I’m here today to talk about how you can turn engaging events into longer term communities based on experiences that you have told me that you want to hear about.

So what I’m not going to tell you to do today is to create a great event - I’m working on the assumption that you’re going to try and do that anyway. You told me that you were trying to do that anyway.

And when I wondered around asking people before this session what they wanted, you told me that you weren’t sure how to turn an event into a community.

So I’m going to try and show how behavioural economics and digital intersect - and what this means for creating a successful event. And the key insight of behavioural economics is that simple small changes can sometimes make huge changes to outcomes.

So here are five areas for discussion about how you can make your event into a community.

Firstly make it incredibly easy to participate. People are getting used to online interfaces which require almost no effort to use. Think of Amazon’s Buy-now-with1click service. Rory Sutherland points out that reducing the number of clicks required to buy a product from 4 to 3 can add 40% to your sales. And Amazon reckon that every 100ms of additional load time for a page reduces their sales by 1%.

Yet most online event services make it unnecessarily difficult to actually register. And often we make it easy to turn up for an event, but don’t capture people’s data and recruit them into our community.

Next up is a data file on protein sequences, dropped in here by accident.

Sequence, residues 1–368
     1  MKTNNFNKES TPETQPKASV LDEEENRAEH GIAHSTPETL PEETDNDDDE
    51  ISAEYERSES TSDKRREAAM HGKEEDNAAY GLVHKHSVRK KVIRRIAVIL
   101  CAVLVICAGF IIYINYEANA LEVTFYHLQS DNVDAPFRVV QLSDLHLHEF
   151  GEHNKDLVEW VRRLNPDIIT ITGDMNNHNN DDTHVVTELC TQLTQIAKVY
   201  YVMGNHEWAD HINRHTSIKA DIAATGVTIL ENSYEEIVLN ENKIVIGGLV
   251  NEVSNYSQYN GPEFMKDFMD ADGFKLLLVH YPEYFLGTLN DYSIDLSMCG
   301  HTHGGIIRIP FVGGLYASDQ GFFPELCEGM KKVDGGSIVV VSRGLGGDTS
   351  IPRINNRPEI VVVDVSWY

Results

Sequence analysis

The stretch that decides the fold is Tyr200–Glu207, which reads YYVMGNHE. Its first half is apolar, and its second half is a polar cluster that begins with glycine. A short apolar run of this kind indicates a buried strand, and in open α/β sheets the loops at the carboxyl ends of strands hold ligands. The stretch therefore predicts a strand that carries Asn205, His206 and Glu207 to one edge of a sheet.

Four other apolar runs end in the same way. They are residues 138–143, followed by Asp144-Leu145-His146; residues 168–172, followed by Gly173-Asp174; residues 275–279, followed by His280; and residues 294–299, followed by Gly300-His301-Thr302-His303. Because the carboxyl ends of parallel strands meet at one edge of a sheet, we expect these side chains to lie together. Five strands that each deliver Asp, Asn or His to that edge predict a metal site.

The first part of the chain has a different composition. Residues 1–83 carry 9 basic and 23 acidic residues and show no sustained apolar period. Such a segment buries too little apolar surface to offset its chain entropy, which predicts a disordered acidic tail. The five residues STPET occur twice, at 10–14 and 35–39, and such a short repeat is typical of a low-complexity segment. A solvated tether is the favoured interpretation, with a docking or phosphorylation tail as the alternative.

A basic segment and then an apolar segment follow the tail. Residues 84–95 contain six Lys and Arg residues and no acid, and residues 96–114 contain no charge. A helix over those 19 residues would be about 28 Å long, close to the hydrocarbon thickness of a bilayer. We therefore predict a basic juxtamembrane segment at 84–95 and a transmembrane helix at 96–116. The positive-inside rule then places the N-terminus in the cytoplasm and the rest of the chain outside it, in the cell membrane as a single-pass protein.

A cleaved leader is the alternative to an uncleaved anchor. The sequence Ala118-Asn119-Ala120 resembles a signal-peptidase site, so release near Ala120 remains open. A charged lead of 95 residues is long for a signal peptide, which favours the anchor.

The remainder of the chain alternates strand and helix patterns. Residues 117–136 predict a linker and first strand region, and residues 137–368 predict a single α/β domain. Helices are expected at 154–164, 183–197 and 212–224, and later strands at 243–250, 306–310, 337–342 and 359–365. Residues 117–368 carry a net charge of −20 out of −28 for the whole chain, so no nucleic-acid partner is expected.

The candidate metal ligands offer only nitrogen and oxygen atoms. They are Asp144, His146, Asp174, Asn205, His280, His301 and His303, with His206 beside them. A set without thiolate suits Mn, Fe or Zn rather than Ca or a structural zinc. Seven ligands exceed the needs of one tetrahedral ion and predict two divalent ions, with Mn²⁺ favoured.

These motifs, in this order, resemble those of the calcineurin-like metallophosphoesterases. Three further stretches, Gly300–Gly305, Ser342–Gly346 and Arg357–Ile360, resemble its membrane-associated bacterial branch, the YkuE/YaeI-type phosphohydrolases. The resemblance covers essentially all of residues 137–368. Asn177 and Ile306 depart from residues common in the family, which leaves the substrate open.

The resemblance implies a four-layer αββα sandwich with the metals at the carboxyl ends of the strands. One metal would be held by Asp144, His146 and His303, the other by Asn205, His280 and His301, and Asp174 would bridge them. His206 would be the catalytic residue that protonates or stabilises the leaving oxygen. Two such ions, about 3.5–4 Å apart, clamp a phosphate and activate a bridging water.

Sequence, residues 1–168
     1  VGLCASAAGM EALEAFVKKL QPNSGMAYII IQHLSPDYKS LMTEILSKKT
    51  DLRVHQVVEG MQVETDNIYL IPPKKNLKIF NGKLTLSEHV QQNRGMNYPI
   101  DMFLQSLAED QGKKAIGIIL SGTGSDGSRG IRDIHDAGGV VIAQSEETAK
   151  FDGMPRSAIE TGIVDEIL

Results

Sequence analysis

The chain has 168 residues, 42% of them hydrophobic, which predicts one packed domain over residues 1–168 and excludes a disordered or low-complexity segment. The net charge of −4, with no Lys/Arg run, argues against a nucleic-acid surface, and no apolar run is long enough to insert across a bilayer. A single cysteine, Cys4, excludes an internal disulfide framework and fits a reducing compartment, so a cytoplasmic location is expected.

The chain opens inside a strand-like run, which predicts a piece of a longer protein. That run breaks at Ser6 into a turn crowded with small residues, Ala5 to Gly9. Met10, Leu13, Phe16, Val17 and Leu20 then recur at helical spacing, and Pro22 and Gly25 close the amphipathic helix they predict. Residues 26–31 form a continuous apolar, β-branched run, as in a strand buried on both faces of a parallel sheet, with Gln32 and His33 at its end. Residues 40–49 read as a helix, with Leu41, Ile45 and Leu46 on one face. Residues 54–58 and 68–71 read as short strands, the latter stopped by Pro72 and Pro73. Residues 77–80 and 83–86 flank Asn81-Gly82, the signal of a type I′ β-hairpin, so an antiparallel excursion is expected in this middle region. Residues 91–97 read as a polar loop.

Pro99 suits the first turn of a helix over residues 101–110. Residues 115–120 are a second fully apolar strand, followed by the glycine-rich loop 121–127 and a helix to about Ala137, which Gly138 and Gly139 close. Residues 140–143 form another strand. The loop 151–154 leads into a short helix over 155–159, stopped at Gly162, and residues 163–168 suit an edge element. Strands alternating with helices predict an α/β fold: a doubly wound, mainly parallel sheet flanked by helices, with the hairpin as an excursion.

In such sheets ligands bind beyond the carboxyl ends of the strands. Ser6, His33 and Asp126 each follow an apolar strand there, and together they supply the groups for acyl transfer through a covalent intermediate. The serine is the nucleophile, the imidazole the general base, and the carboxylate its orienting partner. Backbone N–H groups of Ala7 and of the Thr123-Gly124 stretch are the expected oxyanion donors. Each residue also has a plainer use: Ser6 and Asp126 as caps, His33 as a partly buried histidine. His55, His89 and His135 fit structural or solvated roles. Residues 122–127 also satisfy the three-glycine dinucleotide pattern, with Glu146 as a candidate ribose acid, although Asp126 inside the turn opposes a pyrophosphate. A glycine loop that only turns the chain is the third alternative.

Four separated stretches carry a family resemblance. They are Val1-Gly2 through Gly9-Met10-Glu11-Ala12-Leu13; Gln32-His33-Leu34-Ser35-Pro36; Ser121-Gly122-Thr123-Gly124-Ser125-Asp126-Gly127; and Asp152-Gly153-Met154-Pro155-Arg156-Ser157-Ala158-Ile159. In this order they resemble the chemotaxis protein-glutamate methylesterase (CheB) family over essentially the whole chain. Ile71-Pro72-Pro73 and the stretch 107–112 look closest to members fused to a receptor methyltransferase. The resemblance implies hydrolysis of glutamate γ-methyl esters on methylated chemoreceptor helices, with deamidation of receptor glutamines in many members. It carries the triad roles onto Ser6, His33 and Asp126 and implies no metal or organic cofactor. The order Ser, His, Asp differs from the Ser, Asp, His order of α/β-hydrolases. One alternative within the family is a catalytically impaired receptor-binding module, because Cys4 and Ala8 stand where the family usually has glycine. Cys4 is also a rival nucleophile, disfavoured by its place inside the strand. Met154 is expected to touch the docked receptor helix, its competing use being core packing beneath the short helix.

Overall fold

A common mistake is to not take mobile seriously enough. People with smartphones, which is most people who will come to your events, read email heavily on them. And they love crossing things off their to do list - so if you can make it very easy to register on mobile, then many more of them will, and they will sign up to stay involved in the community afterwards.

Secondly use peer pressure. There is vast evidence of the power of peer pressure. And in Facebook, Twitter and other social networks we have built in peer pressure. If you visit an event page and see that a friend is attending, then you are much more likely to attend.

Equally post event the participation of your friends and peers will keep you participating in the community.

At a minimum you should never organise an event without a Like button on the event page.